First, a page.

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The novice guide to collecting antiques

Updated on May 20, 2013

Antique buying, selling and collecting has become a craze over the last few years, with the influx of television shows and websites dedicated to the topic. For the novice buyer, it can be an intimidating market. Thrift stores, swap meets and garage sales used to provide the best options for purchasing antique and vintage collectibles, but with the high demand for treasures prices have risen accordingly. Here are five tips to help the beginner antique or vintage collector get started.


1. Define your collection

The first thing to do is decide what it is you want to collect. Your purpose for purchasing antiques is most likely to display your finds in your home for all to enjoy, rather than put them in a box in the attic to gather dust. Because the items will be on display, you want to determine what it is you want to collect. Types of antiques collections include kerosene lanterns, perfume bottles, china and dishes, linens, silver, apothecary bottles, war memorabilia, jewelry, etc.

Don’t collect antiques just because they are antique; specialize in an area to make your display stand out. In addition, only collect what you like. Don’t buy antique musical instruments if you have no interest. Because antiquing can be costly hobby, make sure you will fully enjoy your collection for years to come.

2. Identify your budget

Secondary in importance to defining what your collection will consist of is identifying your budget limitations. Antiques are not cheap. If you plan on collecting antique furniture to furnish your home, plan on having a large budget to support your collection. You may prefer vintage McDonald’s glasses as your niche, and therefore do not need as large of a budget. Other antique items can vary drastically in price. Antique crystal glasses (wine glasses, champagne flutes, cordials, etc), for instance, can range in price from a few dollars to hundreds of dollars for a set of four glasses.


When you find a piece to buy at an antique store, swap meet or garage sale, it is beneficial to not accept the listed price but to make an offer. Most buyers do not realize that even at an antique store, they can offer less than the asking price. If you find an item you wish to buy, take it to the register and make an offer. The manager may have to call the vendor of that booth to negotiate the deal, but if you can get 10% or more off the price of an item it leaves more room in your budget to buy. You can also use Ebay or Etsy from your smart phone to demonstrate the true value of an item or to show that you can purchase it for less online. Just make sure that your offer is not insulting. Most dealers and vendors will not refuse reasonable offers, but if you go too low you will be shot down and required to pay full price.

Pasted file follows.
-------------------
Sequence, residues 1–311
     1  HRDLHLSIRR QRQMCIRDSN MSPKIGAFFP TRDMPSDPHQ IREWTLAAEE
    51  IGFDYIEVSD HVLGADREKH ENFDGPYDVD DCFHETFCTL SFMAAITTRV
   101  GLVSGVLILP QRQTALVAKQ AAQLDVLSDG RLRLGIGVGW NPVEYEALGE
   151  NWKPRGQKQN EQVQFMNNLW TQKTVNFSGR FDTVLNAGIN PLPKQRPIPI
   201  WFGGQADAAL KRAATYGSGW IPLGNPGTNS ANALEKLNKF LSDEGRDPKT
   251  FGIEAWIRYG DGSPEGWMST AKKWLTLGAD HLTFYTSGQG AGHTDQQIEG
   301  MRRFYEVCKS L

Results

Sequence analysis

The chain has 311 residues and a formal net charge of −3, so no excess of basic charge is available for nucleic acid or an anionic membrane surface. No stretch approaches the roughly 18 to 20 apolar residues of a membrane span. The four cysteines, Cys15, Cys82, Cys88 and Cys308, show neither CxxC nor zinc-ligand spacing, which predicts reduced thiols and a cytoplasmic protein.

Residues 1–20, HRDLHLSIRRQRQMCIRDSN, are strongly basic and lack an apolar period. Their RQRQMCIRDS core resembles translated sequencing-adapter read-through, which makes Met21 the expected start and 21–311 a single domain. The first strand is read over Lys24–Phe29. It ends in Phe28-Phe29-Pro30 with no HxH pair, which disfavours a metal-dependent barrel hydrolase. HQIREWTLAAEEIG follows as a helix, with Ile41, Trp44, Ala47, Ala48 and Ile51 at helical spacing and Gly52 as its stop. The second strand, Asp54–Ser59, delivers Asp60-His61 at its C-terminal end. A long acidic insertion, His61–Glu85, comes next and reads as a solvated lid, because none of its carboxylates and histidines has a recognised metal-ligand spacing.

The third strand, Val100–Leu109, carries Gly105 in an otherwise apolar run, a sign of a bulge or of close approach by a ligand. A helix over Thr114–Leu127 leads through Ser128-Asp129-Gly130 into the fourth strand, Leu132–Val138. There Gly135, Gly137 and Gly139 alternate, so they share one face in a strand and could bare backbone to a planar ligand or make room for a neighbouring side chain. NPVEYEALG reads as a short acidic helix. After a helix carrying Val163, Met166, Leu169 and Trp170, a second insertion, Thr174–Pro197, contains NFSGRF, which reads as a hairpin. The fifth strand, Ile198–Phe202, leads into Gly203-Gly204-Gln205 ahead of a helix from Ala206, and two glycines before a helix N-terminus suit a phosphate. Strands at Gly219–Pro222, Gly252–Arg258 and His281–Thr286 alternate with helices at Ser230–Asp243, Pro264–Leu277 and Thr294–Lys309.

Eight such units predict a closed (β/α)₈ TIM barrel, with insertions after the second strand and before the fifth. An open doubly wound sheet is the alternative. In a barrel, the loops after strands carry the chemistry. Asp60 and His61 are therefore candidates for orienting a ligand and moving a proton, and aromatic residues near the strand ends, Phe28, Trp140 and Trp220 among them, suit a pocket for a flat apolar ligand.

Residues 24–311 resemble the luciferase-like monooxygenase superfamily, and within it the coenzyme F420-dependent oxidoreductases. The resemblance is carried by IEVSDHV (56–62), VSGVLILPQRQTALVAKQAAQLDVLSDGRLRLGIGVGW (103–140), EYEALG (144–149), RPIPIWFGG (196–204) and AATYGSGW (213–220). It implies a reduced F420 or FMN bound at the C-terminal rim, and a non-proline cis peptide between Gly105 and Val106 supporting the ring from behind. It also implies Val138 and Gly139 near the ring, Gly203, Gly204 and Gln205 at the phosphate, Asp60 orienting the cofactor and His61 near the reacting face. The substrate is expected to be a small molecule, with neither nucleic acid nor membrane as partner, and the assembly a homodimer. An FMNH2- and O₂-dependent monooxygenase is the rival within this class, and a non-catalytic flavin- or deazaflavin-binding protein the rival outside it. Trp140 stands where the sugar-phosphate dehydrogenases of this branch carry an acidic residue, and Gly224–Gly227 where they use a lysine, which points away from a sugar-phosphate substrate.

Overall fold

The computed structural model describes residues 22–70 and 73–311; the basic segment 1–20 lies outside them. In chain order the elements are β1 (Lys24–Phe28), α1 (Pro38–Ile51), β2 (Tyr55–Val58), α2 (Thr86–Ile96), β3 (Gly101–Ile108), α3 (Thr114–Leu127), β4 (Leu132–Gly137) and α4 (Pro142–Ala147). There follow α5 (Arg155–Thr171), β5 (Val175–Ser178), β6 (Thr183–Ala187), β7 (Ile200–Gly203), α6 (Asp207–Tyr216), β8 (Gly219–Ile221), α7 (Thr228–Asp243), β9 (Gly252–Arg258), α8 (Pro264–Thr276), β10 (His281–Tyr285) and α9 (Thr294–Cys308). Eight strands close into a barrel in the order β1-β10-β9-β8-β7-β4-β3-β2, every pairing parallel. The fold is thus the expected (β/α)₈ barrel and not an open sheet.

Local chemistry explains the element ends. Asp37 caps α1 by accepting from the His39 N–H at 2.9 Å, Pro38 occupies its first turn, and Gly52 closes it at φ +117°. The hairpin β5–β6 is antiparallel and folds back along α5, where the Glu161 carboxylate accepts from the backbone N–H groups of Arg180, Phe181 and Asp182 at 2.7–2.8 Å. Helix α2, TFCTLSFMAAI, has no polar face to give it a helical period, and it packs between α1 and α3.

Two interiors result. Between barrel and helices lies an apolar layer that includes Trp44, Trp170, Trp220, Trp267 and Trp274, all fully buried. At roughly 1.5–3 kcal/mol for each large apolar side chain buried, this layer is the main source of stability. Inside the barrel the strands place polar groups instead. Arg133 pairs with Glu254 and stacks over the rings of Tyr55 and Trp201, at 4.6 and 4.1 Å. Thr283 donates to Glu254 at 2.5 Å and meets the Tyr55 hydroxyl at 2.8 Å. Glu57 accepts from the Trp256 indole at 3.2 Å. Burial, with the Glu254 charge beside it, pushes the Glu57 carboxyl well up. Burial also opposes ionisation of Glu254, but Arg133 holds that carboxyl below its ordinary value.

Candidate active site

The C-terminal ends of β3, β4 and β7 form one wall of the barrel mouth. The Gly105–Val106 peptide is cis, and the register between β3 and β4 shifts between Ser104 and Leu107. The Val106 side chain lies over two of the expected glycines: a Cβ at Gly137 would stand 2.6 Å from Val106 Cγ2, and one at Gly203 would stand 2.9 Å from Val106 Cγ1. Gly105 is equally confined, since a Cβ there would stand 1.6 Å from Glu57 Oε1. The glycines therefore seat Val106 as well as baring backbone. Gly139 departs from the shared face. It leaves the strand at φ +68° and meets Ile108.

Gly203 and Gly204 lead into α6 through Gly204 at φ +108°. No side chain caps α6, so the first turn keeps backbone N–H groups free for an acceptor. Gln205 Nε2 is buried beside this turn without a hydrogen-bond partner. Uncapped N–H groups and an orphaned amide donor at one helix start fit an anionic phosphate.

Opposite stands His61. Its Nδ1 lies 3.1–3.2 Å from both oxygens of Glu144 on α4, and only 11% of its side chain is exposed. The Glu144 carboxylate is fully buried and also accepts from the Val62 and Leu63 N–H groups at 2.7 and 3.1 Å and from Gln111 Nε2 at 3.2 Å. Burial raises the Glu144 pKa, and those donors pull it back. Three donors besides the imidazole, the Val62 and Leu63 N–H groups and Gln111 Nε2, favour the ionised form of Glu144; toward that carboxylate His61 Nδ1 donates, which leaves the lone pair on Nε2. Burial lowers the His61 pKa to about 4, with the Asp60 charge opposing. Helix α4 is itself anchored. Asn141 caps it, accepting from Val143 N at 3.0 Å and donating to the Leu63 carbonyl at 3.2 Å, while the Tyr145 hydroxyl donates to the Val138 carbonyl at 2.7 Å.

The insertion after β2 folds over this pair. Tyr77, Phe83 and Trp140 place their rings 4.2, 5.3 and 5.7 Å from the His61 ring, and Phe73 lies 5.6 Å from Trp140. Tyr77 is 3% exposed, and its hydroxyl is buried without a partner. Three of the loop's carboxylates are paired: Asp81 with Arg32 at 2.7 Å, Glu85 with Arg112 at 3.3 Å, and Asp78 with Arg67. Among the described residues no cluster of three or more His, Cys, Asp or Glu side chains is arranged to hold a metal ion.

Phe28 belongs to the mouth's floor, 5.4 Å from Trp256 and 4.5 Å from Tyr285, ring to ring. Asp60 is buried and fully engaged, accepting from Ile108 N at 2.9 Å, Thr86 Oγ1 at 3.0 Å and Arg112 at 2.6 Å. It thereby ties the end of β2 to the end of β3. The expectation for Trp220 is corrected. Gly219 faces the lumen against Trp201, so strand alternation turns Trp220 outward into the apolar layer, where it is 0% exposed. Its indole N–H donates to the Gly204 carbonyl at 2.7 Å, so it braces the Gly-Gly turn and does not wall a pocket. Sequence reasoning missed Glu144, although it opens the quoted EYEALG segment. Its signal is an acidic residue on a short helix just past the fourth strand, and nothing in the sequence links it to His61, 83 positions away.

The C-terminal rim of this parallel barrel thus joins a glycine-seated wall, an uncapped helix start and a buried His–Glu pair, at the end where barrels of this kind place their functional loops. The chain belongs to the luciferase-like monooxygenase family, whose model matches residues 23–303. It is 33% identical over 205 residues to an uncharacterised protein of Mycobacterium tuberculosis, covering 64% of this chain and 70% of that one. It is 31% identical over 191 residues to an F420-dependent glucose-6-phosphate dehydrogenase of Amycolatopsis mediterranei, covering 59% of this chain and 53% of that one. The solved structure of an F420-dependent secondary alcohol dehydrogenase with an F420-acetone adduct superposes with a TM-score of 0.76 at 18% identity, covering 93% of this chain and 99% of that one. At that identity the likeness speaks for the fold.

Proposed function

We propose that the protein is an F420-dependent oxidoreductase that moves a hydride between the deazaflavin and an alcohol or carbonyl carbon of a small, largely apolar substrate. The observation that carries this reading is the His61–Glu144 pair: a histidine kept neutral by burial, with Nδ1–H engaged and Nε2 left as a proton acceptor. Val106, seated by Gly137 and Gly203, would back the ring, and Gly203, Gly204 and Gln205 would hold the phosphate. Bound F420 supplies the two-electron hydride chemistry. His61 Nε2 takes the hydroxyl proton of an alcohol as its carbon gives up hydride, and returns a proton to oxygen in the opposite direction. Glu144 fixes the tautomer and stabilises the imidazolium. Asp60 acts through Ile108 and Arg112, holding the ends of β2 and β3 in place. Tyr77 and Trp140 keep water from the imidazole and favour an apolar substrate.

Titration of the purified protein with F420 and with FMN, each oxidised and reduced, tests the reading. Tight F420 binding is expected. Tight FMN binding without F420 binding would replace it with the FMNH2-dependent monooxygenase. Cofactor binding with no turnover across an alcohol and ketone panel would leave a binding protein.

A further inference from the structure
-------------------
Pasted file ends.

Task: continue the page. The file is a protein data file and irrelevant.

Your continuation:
3. Educate yourself

Once you have defined your collection and identified your budget, the next step is to educate yourself about the pieces you may encounter on the hunt. If you want to collect silver pieces, familiarize yourself with silver markings, which pieces are most desirable. In addition to researching how to identify if a piece is truly an antique, educate yourself as to the value of such items. This is the best way to ensure you always get a good deal on the antiques you buy.

If you run across an item to add to your collection but you are unsure of the value, use your phone to instantly get a value or more information. Using Ebay or Etsy as your go-to tools to determine value can save you the heartache of overpaying for an item. You can also confirm what it would cost you to purchase the item online, as you may find it is cheaper. Just make sure to add shipping costs to your price when deciding whether to buy something at the antique store or online. The only way to know if you have found a real antique at a good value is through education.

4. Condition is key

Part of your education should also include what kind of condition you should buy for your collectible collection. Some antiques have their value destroyed if they are refurbished or restored. Other items are worth more when restored to original condition. Sometimes things are not always clear and it comes down to personal preference of the collector, rather than a hard and fast rule on condition. Some dealers and collectors swear that polishing antique silver enhances value while others believe it destroys value.


On the other hand, damage to an item will always reduce value. Be sure that before you purchase an antique or vintage collectible that you thoroughly inspect the item for any possible damage inside and out. There is no worse feeling in antique collecting than getting home with your latest treasure and realizing there is a crack or a chip that previously went unnoticed. Since garage sales, swap meets and most antique stores employ an “all sales are final” policy, inspecting an item is of the upmost importance before money exchanges hands.

5. Be cautious

Unfortunately, there is a lot of fraud in the antique world. Scam artists have taken full advantage of the antique craze, with replicated and forged works all over the place. When shopping for your collection, you need to be familiar enough with the items to be able to spot a phony. Look also for words such as “antique style” to identify items that appear to be antique, but are not. When shopping online at places like Ebay, make sure you check the condition to see if the seller has checked “New” or “Used”. If they have marked an item “New”, then you know for sure that the item is not truly antique or vintage. Trust your gut feeling. If you think a find is too good to be true, it probably is.


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